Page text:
Wednesday, January 19, 2011

"The Government Shuffle"

Arlene Kushner

I will devote this post to internal political issues, with discussion of other matters to follow soon.

The negotiations between Likud and the new Independence party have been completed, and the new portfolios assigned. One perhaps needs a score card to keep track of it all. For those interested in the details, I provide them at the bottom of this posting. New positions will become official after being passed by the Knesset tomorrow.

Suffice it to say here that of the five people in the new Independence faction, four will have Cabinet portfolios and each -- with the exception of Barak, who is retaining his Defense position -- will have been promoted.
hat's quite a coup for a new faction that isn't even fully a party yet. Clearly there was an understanding between Netanyahu and Barak. It is almost a given that prestigious positions were promised as a way to entice those involved to break from Labor -- that break being something that Netanyahu clearly sees being as to his advantage.

Netanyahu is saying that his coalition is now more governable because everyone in it wants to be in it -- this being a reference to the continual dissatisfaction voiced by the left of the Labor party. But there's another piece to this story: That disgruntled left of Labor was always threatening to pull the party out of the coalition (which is why Barak, who very much wants to retain his position, catered to them). By drawing five people away from Labor, Netanyahu was able to keep his coalition stronger than it would have been had all 13 Labor members pulled out.

Not surprisingly, the prime minister's catering to the Independence faction has left other factions of the coalition disgruntled. But when they sought enhancement of their positions, Netanyahu told them, nothing doing.


Yesterday there had been talk that there might be yet another split, dividing the remaining eight Labor MKs into two separate groups. But the decision has been made to hang together. "We've decided to give Labor another chance," declared MK Amir Peretz, speaking for himself and three other party dissidents, MKs Ghaleb Majadle, Daniel Ben-Simon, and Eitan Cabel. They want a new constitution, a reshaping of the party, and a new leader.

I have picked up nothing regarding the official resignation from the coalition of the rump Labor party of eight MKs, but it is broadly assumed that they will be leaving. This reduces Netanyahu's coalition from 74 to 66. And it will have the effect of strengthening the hands of Shas and Yisrael Beitenu, as Netanyahu cannot afford to lose an additional faction.


In speaking about the fact that he now has a strengthened, more unified coalition, Netanyahu addressed the Palestinian Arabs, saying that they, and all others, will have to face the fact that he is the address for negotiations. He will not be going anywhere, he said. There was no point in trying to wait him out.

I can understand this attitude, particularly as there have been rumors about expectations (reportedly voiced, for example, within the Obama administration) that his government might soon fall and that Tzipi Livni, more amenable to making concessions, would take over.


What we need to look at, however, is where this takes us with regard to the "peace process."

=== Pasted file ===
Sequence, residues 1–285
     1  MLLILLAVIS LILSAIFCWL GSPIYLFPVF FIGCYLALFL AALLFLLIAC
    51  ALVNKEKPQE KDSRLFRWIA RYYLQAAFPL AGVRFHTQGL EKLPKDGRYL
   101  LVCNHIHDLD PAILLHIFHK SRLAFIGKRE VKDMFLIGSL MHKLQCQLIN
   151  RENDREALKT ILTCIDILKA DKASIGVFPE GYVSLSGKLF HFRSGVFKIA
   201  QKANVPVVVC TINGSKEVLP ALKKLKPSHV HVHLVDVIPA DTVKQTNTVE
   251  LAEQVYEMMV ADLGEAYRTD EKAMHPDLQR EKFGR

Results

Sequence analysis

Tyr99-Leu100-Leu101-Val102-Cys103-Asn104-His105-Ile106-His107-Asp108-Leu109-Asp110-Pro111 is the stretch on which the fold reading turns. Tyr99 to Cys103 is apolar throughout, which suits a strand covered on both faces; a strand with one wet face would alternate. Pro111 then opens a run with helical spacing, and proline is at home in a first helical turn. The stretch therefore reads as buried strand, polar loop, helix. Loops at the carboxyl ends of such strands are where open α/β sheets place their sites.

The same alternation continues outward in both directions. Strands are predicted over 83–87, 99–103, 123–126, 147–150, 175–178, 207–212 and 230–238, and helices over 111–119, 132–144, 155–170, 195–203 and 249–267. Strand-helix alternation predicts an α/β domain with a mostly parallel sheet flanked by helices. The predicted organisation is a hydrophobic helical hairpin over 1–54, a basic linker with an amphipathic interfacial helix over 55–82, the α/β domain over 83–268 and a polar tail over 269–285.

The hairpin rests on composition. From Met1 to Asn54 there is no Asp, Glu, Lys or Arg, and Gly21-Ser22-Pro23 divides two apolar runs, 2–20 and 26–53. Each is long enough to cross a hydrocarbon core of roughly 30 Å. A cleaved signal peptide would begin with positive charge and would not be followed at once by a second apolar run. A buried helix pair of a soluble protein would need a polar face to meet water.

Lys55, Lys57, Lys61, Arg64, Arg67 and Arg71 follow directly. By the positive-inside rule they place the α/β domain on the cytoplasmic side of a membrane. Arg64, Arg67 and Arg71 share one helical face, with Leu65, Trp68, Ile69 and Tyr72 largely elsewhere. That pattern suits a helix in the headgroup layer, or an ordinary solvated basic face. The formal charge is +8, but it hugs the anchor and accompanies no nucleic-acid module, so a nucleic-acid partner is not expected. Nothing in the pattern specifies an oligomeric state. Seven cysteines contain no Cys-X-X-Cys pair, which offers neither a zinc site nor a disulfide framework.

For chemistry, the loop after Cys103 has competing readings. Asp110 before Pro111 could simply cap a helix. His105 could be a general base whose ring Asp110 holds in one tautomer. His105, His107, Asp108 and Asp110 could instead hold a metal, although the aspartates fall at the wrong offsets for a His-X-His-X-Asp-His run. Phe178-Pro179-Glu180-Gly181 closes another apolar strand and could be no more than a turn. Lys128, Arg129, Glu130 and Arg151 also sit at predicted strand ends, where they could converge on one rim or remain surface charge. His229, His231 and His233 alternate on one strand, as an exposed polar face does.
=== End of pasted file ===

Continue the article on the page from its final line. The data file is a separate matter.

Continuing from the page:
After saying that his government was the address for negotiations, Netanyahu made yet one more impassioned statement about how he would miss no opportunity to get back to the table and pursue peace. So many times he has made these statements. And how wearisome they are.

What I observed is that a day earlier, Barak had made a similar comment. With stress within Labor no longer distracting them, he said, the members of the new Independence faction would be better equipped to work for peace.

Uh oh. What does this mean?

One commentator whose piece I read today opined that neither Barak nor Netanyahu will be strongly motivated to work for negotiations, now that Labor's left, which applied pressure and made threats, is absent from the scene.

This has a certain plausibility, but it remains to be seen.


The new Cabinet line-up.

Three Labor ministers resigned from the government on Monday:

Industry, Trade and Labor Minister Binyamin Ben- Eliezer, Welfare and Social Services Minister Isaac Herzog and Minority Affairs Minister Avishay Braverman.
In addition to Ehud Barak, who retains his position as Defense Minster, four people -- three of them ministers -- moved over from Labor to Independence:

Agriculture Minister Shalom Simhon; Deputy Defense Minister Matan Vilnai; Deputy Industry, Trade and Labor Minister Orit Noked; and Knesset Member Einat Wilf. Of these:

Simchon will now replace Ben Eliezer in Industry, Trade and Labor.

Noked will replace Simchon in Agriculture.

Vilnai will retain his responsibilities for the home front, which he had as a deputy defense minister, and also replace Braverman in Minority Affairs.

Wilf -- who was not in the Cabinet -- is on maternity leave. In due course she will chair the Independence faction and the Knesset Education Committee.

The prime minister has opted to keep Welfare and Social Services Ministry, left vacant by Herzog, for Likud. At present he will fill the position and then pass it on to someone else in his party. Shas had sought this portfolio.

Simchon and Vilnai will, according to YNet, also serve as observers on the Security Cabinet. This is a Cabinet, of some 15 members, which makes some critical decisions. Had these two been placed on as voting members, it would have swayed the balance leftward in the Cabinet's decision-making process; but observers do not vote.


© Arlene Kushner. This material is produced by Arlene Kushner, functioning as an independent journalist. Permission is granted for it to be reproduced only with proper attribution

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